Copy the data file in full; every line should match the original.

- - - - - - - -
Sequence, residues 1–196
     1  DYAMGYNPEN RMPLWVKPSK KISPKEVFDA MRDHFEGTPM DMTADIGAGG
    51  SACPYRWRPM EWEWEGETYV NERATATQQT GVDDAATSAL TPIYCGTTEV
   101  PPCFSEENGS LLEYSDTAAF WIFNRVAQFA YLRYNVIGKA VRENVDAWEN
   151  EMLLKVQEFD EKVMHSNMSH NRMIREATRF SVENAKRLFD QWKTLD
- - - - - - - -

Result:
Sequence, residues 1–196
     1  DYAMGYNPEN RMPLWVKPSK KISPKEVFDA MRDHFEGTPM DMTADIGAGG
    51  SACPYRWRPM EWEWEGETYV NERATATQQT GVDDAATSAL TPIYCGTTEV
   101  PPCFSEENGS LLEYSDTAAF WIFNRVAQFA YLRYNVIGKA VRENVDAWEN
   151  EMLLKVQEFD EKVMHSNMSH NRMIREATRF SVENAKRLFD QWKTLD